A good number of us already know what stroke looks like in humans; probably because we have seen or known someone that has had a stroke. However, the question ‘what does a dog stroke look like?’ might not be an easy one to answer.
The interesting thing about stroke in dogs is that it has similarities with stroke in humans.
However, while humans can easily communicate their discomforts, leading someone to do something about it, our dogs cannot. It is entirely up to us to find out if anything is wrong.
That said, before we go into finding out what the signs are, did you know that there is more than one kind of stroke that dogs can have?
Kinds Of Stroke In Dogs
There are basically two kinds of stroke in dogs: ischemic stroke and haemorrhagic stroke.
But before we go on to explain those, it is important for us to explain that stroke in dogs is basically a lack of blood in the brain which could lead to some neurological abnormalities (source).
That said, this loss of blood in the brain could be caused by either of two things which are representative of the two kinds of stroke.
With ischemic stroke, blood vessels leading to the brain are blocked which limits or restricts the amount of blood the brain can get. This blockage can be caused by bacteria, blood clots and even tumour cells.
On the other hand, there is the haemorrhagic stroke. With this kind, the brain actually loses the blood that gets to it. This kind is not really common with dogs and is usually a result of some sort of head trauma.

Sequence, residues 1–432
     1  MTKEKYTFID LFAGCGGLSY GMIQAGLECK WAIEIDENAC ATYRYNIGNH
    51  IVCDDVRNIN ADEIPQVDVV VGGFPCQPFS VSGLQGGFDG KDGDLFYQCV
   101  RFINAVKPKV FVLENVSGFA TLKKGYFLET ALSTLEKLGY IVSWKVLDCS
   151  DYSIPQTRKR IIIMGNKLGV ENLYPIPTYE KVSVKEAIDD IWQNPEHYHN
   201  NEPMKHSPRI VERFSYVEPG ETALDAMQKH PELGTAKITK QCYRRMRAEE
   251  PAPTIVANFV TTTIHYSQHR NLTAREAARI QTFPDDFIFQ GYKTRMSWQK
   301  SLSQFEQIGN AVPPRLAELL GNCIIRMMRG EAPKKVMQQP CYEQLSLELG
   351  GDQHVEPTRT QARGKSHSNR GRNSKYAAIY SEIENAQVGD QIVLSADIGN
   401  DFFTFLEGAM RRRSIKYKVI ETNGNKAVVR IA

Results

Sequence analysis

Well, there is actually another kind of stroke that your dog might have and it has nothing to do with the brain. The fibrocartileginous embolism is caused by a blocked vessel in the spinal cord (source) and is also not very common with dogs.
What Does A Dog Stroke Look Like?
Some common symptoms include abnormal eye positioning or movements, uncoordinated walking, lilting to one side, general abnormal behavior and maybe even fainting.
The thing with these symptoms is that they could all happen really rapidly. So, one minute your dog could be all fine and dandy and the next they can’t move from where they are.
Before we find out the factors that could predispose a dog to having a stroke though, check out this video for more signs of a stroke in dogs.
Predispositions To Dog Stroke
There are a number of things that could predispose a dog to stroke. And for haemorrhagic stroke, the chief cause is a head trauma. So, if your dog has ever taken a hit to the head and has bled in the head as a result, chances are that they could have a stroke.
As for the ischemic kind, many things could be risk factors. Cushing’s disease, kidney disease, diabetes, cancer and hypertension are some risk factors to pay attention to (source).
Now, as far as breeds go, no studies have been able to show a relationship between breed and a predisposition to stroke.
However, you’ll need to bear in mind that if your dog’s breed is predisposed to any of the risk factors, they are kinda indirectly at risk of getting a stroke.
Check out these other articles:
- How Often Should I Take My Dog To The Vet?
- How Much Can I Sue For A Dog Bite?
- Extreme Dog Fence Professional Grade Fence Kit — Detailed Review
- PetSafe Dog Fence Wire Break Detector — Detailed Review